Pleb Status

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I always eat all meals, particularly when travelling in upper classes. Even something that looks a bit suspect generally tastes OK.
 

boomy

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In First and Business - always eat the meal. I see it as an integral part of the premium cabin experience.
In Economy domestic - usually eat the meal unless I had something really special in the J lounge (almost never happens).
In Economy international - not if I had enough time to eat (and drink) in a decent F lounge somewhere. I will probably have the second meal if it's a long flight.
 

Hvr

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I flew MEL-BKK on J* in their J class yesterday and didn't eat either meal. I worked all night and finished a 12 shift just prior to boarding so had eaten a lot and with a meal in the F lounge sleep was essential.

The crew were magnificent and didn't wake me as per my request.

I've previously flown LAX-MEL QFi J and not eaten, needed to sleep the first few hours and the breakfast was decidedly unappetising.

However, I have previously been told that not eating on long flights from certain countries may increase the possibility of a Customs inspection in case you've swallowed drugs and are waiting to pass them on arrival.
 

MEL_Traveller

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However, I have previously been told that not eating on long flights from certain countries may increase the possibility of a Customs inspection in case you've swallowed drugs and are waiting to pass them on arrival.
like bangkok!! :)

i suspect Viet Nam is also on that list.

Having a good brekkie would at least mean you're not hungry while being filmed for border securitah!
 

Fifa

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If it's a late departing flight (eg. QF SYD-NRT) I enjoy dinner in the Flounge and go to sleep as soon as the seat belt sign is off.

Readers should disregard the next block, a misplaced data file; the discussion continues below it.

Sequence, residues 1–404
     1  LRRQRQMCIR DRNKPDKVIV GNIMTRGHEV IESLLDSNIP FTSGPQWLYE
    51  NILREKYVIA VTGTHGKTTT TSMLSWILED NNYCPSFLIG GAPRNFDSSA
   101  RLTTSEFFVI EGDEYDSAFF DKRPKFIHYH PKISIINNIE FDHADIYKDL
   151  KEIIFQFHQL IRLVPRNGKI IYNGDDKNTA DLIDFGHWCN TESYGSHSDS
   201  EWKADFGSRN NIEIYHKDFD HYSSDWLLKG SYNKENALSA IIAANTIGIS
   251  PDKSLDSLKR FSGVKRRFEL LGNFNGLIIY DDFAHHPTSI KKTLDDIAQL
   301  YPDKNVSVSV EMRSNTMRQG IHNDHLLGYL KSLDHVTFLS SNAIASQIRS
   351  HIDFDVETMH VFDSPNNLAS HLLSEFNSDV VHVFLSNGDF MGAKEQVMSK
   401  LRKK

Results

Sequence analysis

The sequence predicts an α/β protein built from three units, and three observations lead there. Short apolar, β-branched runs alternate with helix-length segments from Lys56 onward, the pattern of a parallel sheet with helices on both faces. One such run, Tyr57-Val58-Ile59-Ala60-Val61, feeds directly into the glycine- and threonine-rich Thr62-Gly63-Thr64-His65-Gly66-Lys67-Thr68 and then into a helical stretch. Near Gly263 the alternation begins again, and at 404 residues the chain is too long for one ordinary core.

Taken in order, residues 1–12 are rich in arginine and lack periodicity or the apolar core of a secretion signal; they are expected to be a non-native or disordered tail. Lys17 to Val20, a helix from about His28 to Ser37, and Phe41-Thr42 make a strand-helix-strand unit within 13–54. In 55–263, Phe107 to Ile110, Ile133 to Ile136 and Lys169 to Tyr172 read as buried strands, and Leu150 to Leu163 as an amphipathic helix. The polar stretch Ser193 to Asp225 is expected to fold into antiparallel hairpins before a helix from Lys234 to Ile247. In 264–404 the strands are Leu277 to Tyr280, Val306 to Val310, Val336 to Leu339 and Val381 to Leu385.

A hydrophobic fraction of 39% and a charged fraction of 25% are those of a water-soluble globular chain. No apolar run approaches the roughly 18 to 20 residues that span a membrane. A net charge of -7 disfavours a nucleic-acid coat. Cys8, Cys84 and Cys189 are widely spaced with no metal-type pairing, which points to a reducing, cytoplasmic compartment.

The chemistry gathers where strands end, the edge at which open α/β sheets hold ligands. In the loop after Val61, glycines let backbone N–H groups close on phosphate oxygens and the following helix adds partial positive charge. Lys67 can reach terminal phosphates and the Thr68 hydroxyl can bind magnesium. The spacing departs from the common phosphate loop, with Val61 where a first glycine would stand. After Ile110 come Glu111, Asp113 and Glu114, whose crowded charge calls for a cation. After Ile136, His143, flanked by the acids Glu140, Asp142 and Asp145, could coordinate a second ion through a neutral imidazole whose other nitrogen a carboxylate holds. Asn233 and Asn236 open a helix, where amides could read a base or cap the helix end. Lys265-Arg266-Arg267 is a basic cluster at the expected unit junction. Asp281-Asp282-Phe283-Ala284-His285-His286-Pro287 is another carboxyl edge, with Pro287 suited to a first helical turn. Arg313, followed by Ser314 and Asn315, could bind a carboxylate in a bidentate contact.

Otherwise I make the most of whatever is on offer ;).
 
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AIRwin

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However, I have previously been told that not eating on long flights from certain countries may increase the possibility of a Customs inspection in case you've swallowed drugs and are waiting to pass them on arrival.
Oh does that mean the cabin crew will tip off the authorities about their observations?
 

dajop

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When I've taken 11pm-midnight flights from SIN to MEL (or v.v) in business certainly don't eat, but otherwise I usually will. SQ actually only offer a choice of one meal to J pax - either supper or breakfast - on these flights (which some do criticize) and I notice very few take the supper option. If it was a longer flight departing for Europe at the same time (which is really meal time at the destination) I would, but wouldn't eat dinner that night except a little food in the lounge.

As for shorter flights often if one is busy, or with tight connections, it might be the only opportunity to eat .
 

AIRwin

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Yes, they'll notify them about any suspicious actions that may warrant further investigation.
I'm boarding an MH flight from KUL to BNE soon so I'd better not fill myself up too much at the Golden Lounge lest I can't eat later (and I do want to try the famous satay which has been talked about on AFF!)
 

MEL_Traveller

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Yes, they'll notify them about any suspicious actions that may warrant further investigation.
i wonder what the legal position is surrounding that.

personally I don't think it is the place of cabin crew to become involved in this unless there is an immediate danger to the passenger.